'Miles and Ellie' at the Purple Rose gets laughs, if not your heart
Note: This review is based on Thursday's final preview performance.
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photo by Sean Carter Photography | courtesy of the Purple Rose Theatre Co.
The play opens in 1991, when adolescent Ellie (Rhiannon Ragland), all overalls and braids, is paired with long-haired high school classmate Miles (Rusty Mewha) for a health class project. As the two care for a sack of flour, pretending it’s a baby, they fall in love. But the way is not smooth - the presence of Ellie’s bold and flirty sister Illyana (Cheryl Turski) and Senate candidate father (Bill Simmons) certainly doesn’t help - and when there’s a misunderstanding, the teen couple breaks up.
The play’s second act is set 20 years later, as Ellie returns home, post-divorce, for Thanksgiving. Her mother (Michelle Mountain) soon announces that she ran into Miles earlier in the day and invited him to the family’s dinner, setting the stage for an uncomfortable reunion.
There’s a lot of winking at the audience throughout the play - from the cute but extraneous preface (wherein Illyana coaches Ellie through a choreographed Madonna number), to Miles and Ellie’s “love montage” at a fair, to the cartoonish depiction of Ellie’s politically conservative dad - and the inevitable consequence of this is that the characters never feel wholly real.
One problem, of course, is that it’s really, really difficult to pack everything you need into this kind of story; in the first act alone, the couple has to be thrown together, fall in love, come up against obstacles, and break up - all in about an hour. And while act two takes place over the course of just one pivotal evening, you’ve got 20 years of otherwise blank, off-stage back story to which you must at least allude. (Zolidis provides the most bits of necessary exposition about Ellie’s 20 years by way of her mother’s tipsy, long-winded speech to Miles. And while Mountain pulls this off like the pro she is, the clunkiness of this moment in the script - the sense that Zolidis desperately needed some way to get this information injected into the play, preferably all at once - draws attention to itself.) There are a truckload of unanswered questions that arise.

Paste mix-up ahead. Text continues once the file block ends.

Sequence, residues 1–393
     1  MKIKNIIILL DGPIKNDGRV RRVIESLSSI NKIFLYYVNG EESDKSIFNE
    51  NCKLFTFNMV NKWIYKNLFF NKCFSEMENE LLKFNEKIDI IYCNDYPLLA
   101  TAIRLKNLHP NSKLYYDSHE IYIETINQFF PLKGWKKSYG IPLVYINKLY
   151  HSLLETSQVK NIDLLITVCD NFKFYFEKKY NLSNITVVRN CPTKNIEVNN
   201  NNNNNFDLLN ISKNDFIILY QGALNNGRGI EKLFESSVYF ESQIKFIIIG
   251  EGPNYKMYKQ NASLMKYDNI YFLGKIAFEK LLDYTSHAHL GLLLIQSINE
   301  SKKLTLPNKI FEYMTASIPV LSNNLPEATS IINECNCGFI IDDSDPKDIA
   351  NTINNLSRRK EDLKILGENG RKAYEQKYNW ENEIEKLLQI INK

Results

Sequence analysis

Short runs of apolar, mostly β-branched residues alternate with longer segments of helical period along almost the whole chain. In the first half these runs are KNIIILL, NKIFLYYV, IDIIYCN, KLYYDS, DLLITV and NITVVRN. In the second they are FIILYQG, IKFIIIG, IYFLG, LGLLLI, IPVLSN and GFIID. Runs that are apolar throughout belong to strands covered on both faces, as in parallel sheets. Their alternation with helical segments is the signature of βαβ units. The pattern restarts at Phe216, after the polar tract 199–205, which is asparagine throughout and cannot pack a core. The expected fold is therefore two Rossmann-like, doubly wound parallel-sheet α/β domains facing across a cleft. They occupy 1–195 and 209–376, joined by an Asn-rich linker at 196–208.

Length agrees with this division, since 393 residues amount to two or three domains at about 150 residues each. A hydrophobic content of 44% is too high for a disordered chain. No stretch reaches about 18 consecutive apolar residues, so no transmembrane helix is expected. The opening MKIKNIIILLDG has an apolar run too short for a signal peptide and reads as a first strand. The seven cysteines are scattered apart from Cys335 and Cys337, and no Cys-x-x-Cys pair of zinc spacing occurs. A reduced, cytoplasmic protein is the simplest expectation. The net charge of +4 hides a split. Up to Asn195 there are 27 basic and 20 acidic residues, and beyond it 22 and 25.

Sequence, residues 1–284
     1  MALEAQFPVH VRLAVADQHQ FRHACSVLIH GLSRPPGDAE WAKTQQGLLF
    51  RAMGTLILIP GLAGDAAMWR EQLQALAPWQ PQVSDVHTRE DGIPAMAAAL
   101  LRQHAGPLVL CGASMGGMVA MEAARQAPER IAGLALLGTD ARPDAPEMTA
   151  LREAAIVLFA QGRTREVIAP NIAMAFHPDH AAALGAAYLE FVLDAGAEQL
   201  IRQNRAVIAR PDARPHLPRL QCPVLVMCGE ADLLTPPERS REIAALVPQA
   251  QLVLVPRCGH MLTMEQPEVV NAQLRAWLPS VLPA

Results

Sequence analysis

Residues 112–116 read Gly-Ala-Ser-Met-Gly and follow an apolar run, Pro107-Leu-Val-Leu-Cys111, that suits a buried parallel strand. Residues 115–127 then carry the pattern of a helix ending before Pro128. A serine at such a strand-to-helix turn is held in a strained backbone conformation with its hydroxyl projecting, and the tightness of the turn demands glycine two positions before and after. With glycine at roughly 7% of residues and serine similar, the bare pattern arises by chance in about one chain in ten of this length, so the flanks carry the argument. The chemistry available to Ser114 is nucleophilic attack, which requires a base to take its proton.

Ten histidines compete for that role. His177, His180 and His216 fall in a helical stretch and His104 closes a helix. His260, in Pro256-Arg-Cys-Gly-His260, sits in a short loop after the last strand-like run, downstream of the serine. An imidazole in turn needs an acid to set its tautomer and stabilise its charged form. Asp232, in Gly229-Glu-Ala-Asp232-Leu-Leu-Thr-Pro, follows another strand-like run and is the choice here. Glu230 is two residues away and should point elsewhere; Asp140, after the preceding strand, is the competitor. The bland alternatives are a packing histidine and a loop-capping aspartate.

So Zolidis’ task is far from easy; but even so, the material’s winking tone and efforts at compression inevitably make the proceedings feel contrived. I struggled, for instance, to believe in several aspects of the plot—to name a couple, a school assignment that would require a young woman and a young man to spend an entire night together in order to bicker and experience new-parent sleeplessness; and a woman who’d been thinking about her high school boyfriend for 20 years never once gave into the temptation of looking him up online.
Perhaps not surprisingly, the play’s most affecting, true moments are the ones that don’t try so hard. When a sex scandal threatens Ellie’s father’s campaign, Ellie’s mother quietly, succinctly explains to her daughter why she doesn’t just leave (perhaps Mountain’s best moment in the show); Miles’ and Ellie’s first fight possesses a natural, believable progression; and when the two decide to try and have sex, the collision of fantasy with awkward, fumbling, physical reality will ring hilariously familiar to many theatergoers.
This is partly because Mewha and Ragland bravely throw themselves into their roles - particularly the richer, more compelling adolescent versions of them. You can’t help but experience stinging moments of both joy and a cringing discomfort while watching the two characters fumble through love’s physical and emotional minefields for the first time.
And director Guy Sanville stages the scenes with tenderness and humorous affection. Ragland, who also designed the show’s costumes, scores bonus points with Mile’s “Yoda Man” T-shirt, but Illyana’s opening scene pajama jumpsuit sends a misleading first signal regarding her character - namely, that she’s little girl-ish and sheltered - and the same character’s other, sexier, early '90s outfits didn’t look quite true to the era.
Bartley H. Bauer’s set consists of five adjacent doorways as backdrop to a couch; Reid Johnson’s lighting design helps set the tone and scene, particularly when the characters are outdoors in act two; and Tom Whalen’s sound design combines the music of Miles’ and Ellie’s year of first love with appropriate thematic moments (and additionally provides a flinch-inducing soundtrack to a health class movie). Danna Segrest’s props - from a tacky teddy to adult Illyana’s pink-covered tablet - provide some nice visual (and character) touches.
“Miles and Ellie,” ultimately, is the theatrical version of a casual summer fling. You’ll have some laughs, but it isn't likely to make much of a dent in your heart.
"Miles and Ellie" continues through Aug. 31. For tickets, see the Purple Rose website.